if not "x%%b"=="x" (
         {do things with non-blank lines}
      )
   )



Using the below code:

@echo off
systeminfo | findstr /b /c:"OS Name" /c:"OS Version" 
echo.&echo.
ping -n 1 google.com
echo.&echo.
for /f %%a in ('ping -n 1 google.com') do ( echo "%%a" )
echo.&echo.&echo --------------&echo.&echo.
find /?
echo.&echo.
for /f %%a in ('find /?') do ( echo "%%a" )
echo.&echo.
pause

.... the following is what I see on Windows XP, Windows 7 and Windows 2008, being the only three versions & service packs of Windows I have ready access to:

Windows XP Pro SP3

Windows 7 Enterprise SP1

Windows Server 2008 R2 Enterprise SP1

share|improve this answer
    
Like dbenham said: For /f strips always blank lines. In your case it seems that XP doesn't strip blank lines, but in reallity you get a line with only a single quote between "Pinging" and "Reply". But this doesn't mean that FOR/F fetches an empty line. The line contains a <CR> character, therefore the cursor jumps back to the line beginning and the first quote is overwritten by the last quote, that's all. The ping command under XP is simply buggy –  jeb Feb 1 '13 at 9:36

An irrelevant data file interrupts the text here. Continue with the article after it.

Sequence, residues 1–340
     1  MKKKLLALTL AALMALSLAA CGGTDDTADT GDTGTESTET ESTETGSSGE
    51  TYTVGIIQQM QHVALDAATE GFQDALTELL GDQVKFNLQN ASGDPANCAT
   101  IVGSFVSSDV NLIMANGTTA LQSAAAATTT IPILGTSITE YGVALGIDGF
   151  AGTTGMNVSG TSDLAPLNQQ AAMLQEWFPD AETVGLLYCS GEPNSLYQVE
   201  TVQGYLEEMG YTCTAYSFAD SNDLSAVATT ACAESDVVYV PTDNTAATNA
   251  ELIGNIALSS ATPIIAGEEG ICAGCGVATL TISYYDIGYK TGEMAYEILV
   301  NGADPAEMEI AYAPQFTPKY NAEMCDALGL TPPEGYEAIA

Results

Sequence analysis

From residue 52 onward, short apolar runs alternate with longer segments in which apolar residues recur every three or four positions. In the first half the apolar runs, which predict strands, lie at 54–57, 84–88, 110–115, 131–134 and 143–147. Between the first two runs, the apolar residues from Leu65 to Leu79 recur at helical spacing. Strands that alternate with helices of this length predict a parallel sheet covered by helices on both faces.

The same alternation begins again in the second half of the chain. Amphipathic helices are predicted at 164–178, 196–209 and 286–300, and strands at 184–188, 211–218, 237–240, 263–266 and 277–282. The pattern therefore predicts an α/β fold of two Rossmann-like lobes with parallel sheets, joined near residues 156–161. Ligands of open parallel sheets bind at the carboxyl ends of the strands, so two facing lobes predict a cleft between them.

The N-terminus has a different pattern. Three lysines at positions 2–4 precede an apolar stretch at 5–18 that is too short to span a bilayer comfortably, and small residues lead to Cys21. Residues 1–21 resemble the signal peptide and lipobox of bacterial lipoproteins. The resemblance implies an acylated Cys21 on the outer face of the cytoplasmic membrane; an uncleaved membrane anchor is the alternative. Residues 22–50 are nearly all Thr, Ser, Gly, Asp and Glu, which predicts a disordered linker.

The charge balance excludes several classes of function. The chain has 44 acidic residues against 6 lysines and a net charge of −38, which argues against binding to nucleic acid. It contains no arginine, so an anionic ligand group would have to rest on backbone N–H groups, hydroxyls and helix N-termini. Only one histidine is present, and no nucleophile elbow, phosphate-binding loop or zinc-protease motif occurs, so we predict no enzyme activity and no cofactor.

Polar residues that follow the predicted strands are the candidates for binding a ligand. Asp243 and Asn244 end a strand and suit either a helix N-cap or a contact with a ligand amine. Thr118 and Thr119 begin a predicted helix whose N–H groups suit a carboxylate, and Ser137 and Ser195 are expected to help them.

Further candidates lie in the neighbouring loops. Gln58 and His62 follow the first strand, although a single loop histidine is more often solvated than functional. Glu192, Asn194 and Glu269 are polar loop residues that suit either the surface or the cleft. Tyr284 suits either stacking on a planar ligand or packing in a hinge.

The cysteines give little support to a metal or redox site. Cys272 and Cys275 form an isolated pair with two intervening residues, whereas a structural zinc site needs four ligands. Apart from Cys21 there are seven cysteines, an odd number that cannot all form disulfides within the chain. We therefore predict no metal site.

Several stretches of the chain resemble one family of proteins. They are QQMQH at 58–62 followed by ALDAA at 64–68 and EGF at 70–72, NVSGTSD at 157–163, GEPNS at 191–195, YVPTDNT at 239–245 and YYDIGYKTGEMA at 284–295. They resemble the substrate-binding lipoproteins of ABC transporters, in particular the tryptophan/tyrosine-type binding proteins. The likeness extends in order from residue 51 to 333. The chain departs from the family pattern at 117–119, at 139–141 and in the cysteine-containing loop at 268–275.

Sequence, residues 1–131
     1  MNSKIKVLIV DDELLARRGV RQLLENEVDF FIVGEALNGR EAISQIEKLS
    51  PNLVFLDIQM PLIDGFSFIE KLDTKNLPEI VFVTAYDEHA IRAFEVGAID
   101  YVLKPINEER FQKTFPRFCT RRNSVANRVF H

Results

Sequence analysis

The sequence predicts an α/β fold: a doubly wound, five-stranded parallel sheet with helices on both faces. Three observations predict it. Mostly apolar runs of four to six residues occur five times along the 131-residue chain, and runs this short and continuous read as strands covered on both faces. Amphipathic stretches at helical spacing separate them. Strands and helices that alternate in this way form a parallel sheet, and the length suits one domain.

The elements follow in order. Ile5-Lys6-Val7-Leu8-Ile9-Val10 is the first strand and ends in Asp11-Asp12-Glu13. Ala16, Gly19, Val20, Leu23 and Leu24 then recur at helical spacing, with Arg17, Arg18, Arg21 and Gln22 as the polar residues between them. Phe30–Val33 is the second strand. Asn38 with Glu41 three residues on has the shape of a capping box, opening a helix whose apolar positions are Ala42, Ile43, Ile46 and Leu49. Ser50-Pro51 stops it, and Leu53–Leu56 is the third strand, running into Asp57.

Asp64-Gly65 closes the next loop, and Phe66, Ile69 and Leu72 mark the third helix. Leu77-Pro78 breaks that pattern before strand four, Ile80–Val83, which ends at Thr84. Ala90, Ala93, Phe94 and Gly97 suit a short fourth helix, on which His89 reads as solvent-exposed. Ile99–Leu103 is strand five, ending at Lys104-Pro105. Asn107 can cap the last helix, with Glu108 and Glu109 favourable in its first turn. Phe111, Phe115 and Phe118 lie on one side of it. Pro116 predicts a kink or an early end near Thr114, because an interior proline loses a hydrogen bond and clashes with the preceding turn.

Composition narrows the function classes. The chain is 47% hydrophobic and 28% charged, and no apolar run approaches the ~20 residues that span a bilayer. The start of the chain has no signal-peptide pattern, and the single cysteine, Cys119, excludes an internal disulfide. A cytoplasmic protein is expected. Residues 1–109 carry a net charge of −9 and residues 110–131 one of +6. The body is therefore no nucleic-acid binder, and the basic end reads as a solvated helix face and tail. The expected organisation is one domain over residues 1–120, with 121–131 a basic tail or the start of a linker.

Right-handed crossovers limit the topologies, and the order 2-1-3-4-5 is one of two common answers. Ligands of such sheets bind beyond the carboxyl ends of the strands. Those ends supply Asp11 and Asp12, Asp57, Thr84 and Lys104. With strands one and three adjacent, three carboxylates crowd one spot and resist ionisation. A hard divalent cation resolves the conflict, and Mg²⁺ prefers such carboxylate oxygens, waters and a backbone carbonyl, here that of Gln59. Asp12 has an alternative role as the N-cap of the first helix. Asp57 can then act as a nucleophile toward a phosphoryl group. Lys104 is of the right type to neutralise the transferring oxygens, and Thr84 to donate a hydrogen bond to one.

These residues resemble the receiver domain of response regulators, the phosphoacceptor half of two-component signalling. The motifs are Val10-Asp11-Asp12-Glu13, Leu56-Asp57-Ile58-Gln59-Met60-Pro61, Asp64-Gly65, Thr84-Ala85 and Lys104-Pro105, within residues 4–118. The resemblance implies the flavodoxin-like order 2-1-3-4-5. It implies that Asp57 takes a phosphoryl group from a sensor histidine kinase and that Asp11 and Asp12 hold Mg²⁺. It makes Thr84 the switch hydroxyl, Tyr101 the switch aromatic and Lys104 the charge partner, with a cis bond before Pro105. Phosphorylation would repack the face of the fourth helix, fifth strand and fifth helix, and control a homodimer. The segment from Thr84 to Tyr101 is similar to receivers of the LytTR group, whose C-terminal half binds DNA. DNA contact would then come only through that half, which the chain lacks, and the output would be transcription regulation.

Thanks @jeb. I came to this page due to the problem with (what I thought at the time was) extra spaces, but realise now (corrected by you) they are only carriage returns being output on XP. Can you also perhaps advise how one would test for the <cr> in a if not "x%%a"="" statement? –  user66001 Feb 1 '13 at 10:06
    
To remove CR you can call a function like :trimmer <LF> set "trim=%1" this works, as all CR are removed after the percent expansion phase. But for more questions, you should open an own question –  jeb Feb 1 '13 at 11:52
    
Your not using the '~' character properly. It removes quotes on outside of strings for you. Understanding this might be the root of your problem. Instead of '%%a' you should use '%%~a' . –  djangofan Feb 2 '13 at 5:46
    
@djangofan Didn't understand at first, I wasn't using ~ at all, let alone properly. However, after inserting it as shown in this screenshot I must be doing it wrong. The issue is, as I believe jeb has correctly identified above, that for /f is not completely ignoring blank lines, I guess it is removing the lf, but not the cr on Win XP. I am just encasing it in quotes to see what it is outputting. –  user66001 Feb 2 '13 at 9:25